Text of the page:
A week of ships

I have mentioned, from time to time, how very few ships there are that come to Tristan, and how their visits are irregular.  Never was this more the case than in the period since our arrival back from leave last September.

Between mid-September and mid-March, a period of six months, we were visited by four yachts, all of which were making their way to Cape Town.  We were also visited by the two deep-sea fishing ships that are operated by Ovenstones, the company with the concession for fishing in these waters.  These two ships, the Edinburgh and the Geo Searcher, normally visit a total of just 9 times each year, and in the six-month period mentioned we had five visits from these fishing vessels.  Apart from the four yachts and these fishing ships, in the whole of the six month period we had NO ships visit!

All of a sudden, this dearth of ships turned into a glut, with visits from a yacht, three cruise ships and a research ship all in the space of six days!

The yacht was a 45’ sloop called Jonathan.  This is one of the more interesting yachts to have visited here.  She was built to withstand the challenges of polar regions, with an extra-thick alloy hull and with generous insulation.  She is owned and operated by a Canadian / Dutch team, and she carries out personal charters for up to five people.  For some time she has been specialising in cruises in Patagonia and Antarctica, but now she is going to move on to new cruising waters.  I suspect that the new waters will be announced once they arrive in Cape Town – if I were in their shoes I would definitely choose warmer waters!  Jonathan dropped anchor here on March 15th, during a spell of particularly nasty weather.

The following day, on March 16th we had the arrival of Le Lyriol.  This small cruise ship is one of the nine ships in the French Companie de Ponant, which bizarrely is the only ocean cruise ship company based in France. This marked a repeat visit since she visited last year also.  She carries 264 passengers and 139 crew, many of whom of course are engaged with the excursions.  They were lucky because weather conditions were good, allowing the passengers to come ashore, to enjoy the unique ambience of the island, to buy handcrafts and souvenirs, and to frequent the pub that had been specially opened for them.

Le Lyriol, with yacht Jonathan in the foreground
A zodiac load of passengers from Le Lyriol coming into the harbour

Sharing the island with the passengers of Le Lyriol were the passengers of the Barque Europa, which also arrived on the 16th of March.  Again the Europa was an old friend, having visited Tristan last year.  The Europa is also a cruise ship, but a very different kettle of fish in that she is a barque rigged sailing ship, carrying only about 45 passengers.  The passengers were of some 25 different nationalities.  As you will see from the photograph, a barque rig is a 3-master, with the for’ard two masts rigged with square sails and the aft mast rigged fore-and-aft.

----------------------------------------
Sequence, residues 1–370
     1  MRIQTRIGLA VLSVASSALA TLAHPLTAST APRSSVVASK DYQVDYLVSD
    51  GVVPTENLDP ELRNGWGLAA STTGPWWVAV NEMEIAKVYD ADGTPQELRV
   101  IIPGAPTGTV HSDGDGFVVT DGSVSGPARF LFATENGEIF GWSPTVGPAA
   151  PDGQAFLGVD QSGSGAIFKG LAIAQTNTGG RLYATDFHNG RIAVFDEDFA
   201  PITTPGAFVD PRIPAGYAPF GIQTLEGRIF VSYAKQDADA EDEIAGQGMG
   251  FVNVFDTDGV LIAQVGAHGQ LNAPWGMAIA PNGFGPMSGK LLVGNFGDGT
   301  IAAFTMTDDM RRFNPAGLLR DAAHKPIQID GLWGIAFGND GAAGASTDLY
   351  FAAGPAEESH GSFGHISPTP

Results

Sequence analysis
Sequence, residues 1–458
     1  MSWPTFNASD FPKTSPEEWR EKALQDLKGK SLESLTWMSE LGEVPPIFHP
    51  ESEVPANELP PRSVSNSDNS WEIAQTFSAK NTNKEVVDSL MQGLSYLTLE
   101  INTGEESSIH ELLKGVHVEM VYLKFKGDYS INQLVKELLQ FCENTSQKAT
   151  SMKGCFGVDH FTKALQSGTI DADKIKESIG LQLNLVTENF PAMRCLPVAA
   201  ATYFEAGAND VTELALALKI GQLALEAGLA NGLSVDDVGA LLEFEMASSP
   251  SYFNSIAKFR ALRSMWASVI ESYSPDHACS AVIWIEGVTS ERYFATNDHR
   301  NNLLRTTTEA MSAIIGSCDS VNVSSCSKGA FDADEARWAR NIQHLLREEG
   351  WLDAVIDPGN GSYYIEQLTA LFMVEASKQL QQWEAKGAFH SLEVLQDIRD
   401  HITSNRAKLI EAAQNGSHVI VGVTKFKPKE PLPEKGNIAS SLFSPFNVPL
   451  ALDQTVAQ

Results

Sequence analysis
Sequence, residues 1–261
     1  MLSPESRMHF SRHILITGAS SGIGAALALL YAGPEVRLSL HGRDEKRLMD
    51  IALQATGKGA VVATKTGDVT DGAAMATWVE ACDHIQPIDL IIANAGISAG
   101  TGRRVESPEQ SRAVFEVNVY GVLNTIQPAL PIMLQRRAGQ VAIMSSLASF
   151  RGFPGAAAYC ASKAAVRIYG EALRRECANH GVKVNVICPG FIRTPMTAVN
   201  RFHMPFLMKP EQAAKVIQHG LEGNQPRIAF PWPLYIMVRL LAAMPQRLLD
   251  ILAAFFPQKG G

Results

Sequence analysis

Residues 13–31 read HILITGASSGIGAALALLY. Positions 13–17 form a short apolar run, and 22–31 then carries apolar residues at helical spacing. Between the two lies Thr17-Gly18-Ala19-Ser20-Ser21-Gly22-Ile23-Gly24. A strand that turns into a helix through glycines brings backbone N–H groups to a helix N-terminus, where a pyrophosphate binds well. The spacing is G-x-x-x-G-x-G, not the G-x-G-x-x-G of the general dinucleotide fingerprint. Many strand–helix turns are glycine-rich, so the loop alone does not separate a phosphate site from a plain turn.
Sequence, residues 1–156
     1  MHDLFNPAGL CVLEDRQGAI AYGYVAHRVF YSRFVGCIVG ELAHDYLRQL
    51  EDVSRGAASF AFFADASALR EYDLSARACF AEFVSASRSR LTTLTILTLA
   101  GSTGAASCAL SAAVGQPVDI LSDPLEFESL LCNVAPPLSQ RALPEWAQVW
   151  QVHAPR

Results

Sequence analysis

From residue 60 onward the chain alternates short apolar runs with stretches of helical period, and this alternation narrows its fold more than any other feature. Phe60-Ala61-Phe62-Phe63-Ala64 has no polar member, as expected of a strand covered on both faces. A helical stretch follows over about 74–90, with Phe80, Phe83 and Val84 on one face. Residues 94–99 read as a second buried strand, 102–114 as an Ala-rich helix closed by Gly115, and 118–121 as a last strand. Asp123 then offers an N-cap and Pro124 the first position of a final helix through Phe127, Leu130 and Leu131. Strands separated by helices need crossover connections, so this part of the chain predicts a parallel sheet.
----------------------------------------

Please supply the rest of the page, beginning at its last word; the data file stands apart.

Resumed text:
Barque Europa from the harbour

All these ships had departed by the 19th, in time for the arrival of another cruise ship.  The Silver Cloud is part of Silversea Cruises, based in Monaco and with its main administrative offices in London.  You can get an idea of this vessel with a few simple figures – maximum 296 passengers, 222 crew, and 18 brand new zodiacs!

Silver Cloud

The final ship to arrive in this busy week was the RRS Discovery, which arrived on March 21st.  This Royal Research Ship represents the serious end of research into resources in the southern ocean, and I hope to dedicate a future article on research and strategic efforts on fishing in these waters.  She was here on a joint expedition shared by the Blue Belt Programme and BAS (British Antarctic Surveys).   The Discovery arrived here after a program of work around the Falkland Islands, and she was to go on to spend time based on St Helena and the waters around that island.  When she arrived here, she dropped off three specialists to work ashore, and then she went off to carry out ten days research work on the seamounts that lie within the 200-mile Tristan da Cunha Marine Protected Area, then she returned to Tristan to pick up the three specialists, to give a presentation on the fisheries-based observations and deductions so far, to pick up two island hitch-hikers who are off to spend six months on St Helens, and to take a large quantity of potatoes that are being sent from Tristan da Cunha to Saint Helena.

RRS Discovery

There is a particularly interesting historical link between the present RRS Discovery that visited us in March, with the original RRS Discovery that was built in Dundee in 1901 which is now a museum ship in the City of Dundee.  The original Discovery was in fact a Barque.  One clever concept that the original Discovery carried was that the fore two masts, and their sails and rigging, were identical.  This meant that the design carried exchangeability, and that spares of all sorts that had to be carried on board could be standardised across the two masts.  The Discovery headed off in 1901 on the British National Antarctic Expedition, with Scott and Shackleton on board.  Later, in 1925, the Discovery headed off on an Oceanographic Expedition to South Georgia.  One of her duties on the way there was to deliver mail to the island of  –  Tristan da Cunha!